Men's Health

It is paradoxical: every year more male than female babies are born. The surplus of men lasts until about the age of 50. Then the proportion of men and women will be the same for almost ten years. At the age of 60, there is an increasing surplus of women, which reaches its peak at around 85. There are twice as many 85-year-old women as men. How could that be?

The gaps that the war has created are clearly visible. But the tendency for men to die earlier than women is also continuing in the generations that did not have to send any male soldiers to the warfield. There must therefore be other reasons. And indeed, men are at a disadvantage compared to women in terms of health!

One reason for this is the genetic make-up. It is well known that women have every chromosome in duplicate, including the sex chromosome. If one chromosome is defective, the other can step in. Men, on the other hand, do not have this advantage. Instead of the double X chromosome, they contain an X and a Y chromosome. For this reason, they are more often affected by hereditary diseases than women.

Another reason is the male sex hormone testosterone. This is unquestionably important for the man, because it promotes the growth of beard hair and muscles, or also the voice breakage and it makes more painless. Besides it has a few unsightly sides: It lowers the good cholesterol HDL in the blood, accelerates metabolic processes and thus indirectly promotes the development of cardiovascular diseases.

These natural resources are strengthened by the way of life. As reported by the Federal Statistical Office in its latest annual report, men in all age groups are more likely to be overweight than women. And this for decades! This increases the health risks that are already lurking on men, namely calcification of the blood vessels, high blood pressure and associated cardiovascular diseases, stroke and heart attacks. Recently, it is also known that obesity increases the risk of type 2 diabetes dramatically.

Furthermore, the Federal Statistical Office showed that men of all ages smoke more frequently than women. This is associated with other diseases, especially lung cancer. Of all cancers, it is the most common cause of death in men - and the third most common cause of death in women. Smoking also has an effect on the cardiovascular system, the ingredients of cigarette and Co make the blood vessels rigid and inelastic and thus also promote myocardial infarction and stroke.

Stress and hectic pace at work, irregular, unhealthy eating and little sport do their part so that the man's life becomes a major burden on his health. The fact that men rarely visit the doctor as a precautionary measure, but only then, if it hurts properly, probably doesn't have to be mentioned in the first place. 80 per cent of men do not feel like waiting for hours in a doctor's office for a screening test, according to a survey conducted by the market research institute GfK on behalf of the pharmacy survey. In families, women still have the health tax in their hands.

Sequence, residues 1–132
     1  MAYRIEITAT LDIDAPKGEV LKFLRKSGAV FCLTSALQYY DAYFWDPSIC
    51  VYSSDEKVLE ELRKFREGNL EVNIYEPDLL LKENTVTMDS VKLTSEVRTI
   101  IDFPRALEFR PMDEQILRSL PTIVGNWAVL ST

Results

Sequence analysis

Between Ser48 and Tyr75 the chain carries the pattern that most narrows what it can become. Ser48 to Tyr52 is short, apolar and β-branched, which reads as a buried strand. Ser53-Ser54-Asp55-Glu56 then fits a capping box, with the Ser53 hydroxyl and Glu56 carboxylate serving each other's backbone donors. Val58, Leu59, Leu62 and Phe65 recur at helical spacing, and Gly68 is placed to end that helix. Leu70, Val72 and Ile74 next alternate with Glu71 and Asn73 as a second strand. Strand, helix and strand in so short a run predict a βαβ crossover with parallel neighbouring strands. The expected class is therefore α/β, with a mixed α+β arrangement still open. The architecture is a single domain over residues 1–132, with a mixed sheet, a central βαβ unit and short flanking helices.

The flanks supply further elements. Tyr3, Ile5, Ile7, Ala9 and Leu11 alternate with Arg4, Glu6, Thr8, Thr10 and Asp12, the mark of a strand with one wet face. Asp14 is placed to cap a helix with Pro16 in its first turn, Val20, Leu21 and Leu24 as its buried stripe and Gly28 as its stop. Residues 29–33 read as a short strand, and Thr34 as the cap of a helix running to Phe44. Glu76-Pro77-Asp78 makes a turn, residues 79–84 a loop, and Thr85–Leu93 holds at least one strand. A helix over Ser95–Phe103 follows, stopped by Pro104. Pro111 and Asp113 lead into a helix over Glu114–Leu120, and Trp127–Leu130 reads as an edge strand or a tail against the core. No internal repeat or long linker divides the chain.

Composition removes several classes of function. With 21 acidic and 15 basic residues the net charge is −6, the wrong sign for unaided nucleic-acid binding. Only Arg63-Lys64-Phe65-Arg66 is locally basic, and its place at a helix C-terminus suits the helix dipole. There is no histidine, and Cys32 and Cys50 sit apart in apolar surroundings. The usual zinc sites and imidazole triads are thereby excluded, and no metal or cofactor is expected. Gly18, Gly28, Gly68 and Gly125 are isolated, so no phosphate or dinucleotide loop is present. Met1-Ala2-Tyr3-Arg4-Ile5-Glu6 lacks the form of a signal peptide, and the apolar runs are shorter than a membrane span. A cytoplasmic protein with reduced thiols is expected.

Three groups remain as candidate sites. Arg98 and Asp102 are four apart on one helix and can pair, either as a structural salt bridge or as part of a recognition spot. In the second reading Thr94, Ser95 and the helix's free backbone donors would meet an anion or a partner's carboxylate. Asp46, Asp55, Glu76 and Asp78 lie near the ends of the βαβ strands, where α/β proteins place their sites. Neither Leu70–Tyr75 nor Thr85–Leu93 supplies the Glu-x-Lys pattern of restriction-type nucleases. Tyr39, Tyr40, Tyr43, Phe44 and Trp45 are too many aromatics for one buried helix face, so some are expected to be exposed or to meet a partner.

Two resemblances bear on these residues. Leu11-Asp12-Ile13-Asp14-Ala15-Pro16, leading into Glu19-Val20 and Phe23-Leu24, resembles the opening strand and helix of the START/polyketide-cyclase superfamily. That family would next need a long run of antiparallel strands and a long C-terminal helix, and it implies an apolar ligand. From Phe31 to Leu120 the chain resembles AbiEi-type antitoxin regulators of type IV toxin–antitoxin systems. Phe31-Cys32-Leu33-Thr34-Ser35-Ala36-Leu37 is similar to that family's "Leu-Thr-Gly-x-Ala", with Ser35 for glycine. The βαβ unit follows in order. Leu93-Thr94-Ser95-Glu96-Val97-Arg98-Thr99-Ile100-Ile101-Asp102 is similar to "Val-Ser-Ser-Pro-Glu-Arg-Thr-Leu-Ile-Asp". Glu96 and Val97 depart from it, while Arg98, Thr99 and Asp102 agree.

It's not a good view. And there are other facts and figures that show that men live too unhealthy lives and are too lax with their health. But before we now resign ourselves, however, we should rather consider the ways out of this man's health building site.

It is especially important that men leave the point of view "Indians know no pain". Pain and small complaints are often the first signs of illness. Permanent difficulty swallowing can be a sign of esophageal cancer. A weakening stream of water while urinating is a sign of an enlarged prostate and possibly of prostate cancer. Erectile dysfunction can be an indication of diabetes mellitus type 2. A car that makes strange driving noises or whose engine stutters is taken to the workshop immediately. The trolley is also regularly cleaned from the outside and inside. But what a man gives to his car, he usually doesn't grant to himself - out of misunderstood pride.

In addition, there are of course diseases that do not make themselves felt for a long time, but are only detected in good time by regular check-ups. For this purpose, there is the check-up for passenger cars. For the man there is also a kind of medical check-up, they are called preventive examinations and paid for by the health insurance companies. Check-ab-35, which is intended for every person aged 35 and over, controls heart functions and blood values. From the age of 40, it is time to examine glaucoma, especially if someone in the family has glaucoma. From 45 onwards, every man should undergo regular prostate and thyroid examinations. From 55 onwards, it's time for colorectal cancer screening.

This is all part of the minimum early detection. If you go to your family doctor, he or she will recommend further examinations, depending on your medical history. Go to the prevention check for your health.

Copyright: Landeszentrale fuer Gesundheitsfoerderung in Rheinland-Pfalz e.V. (LZG) Germany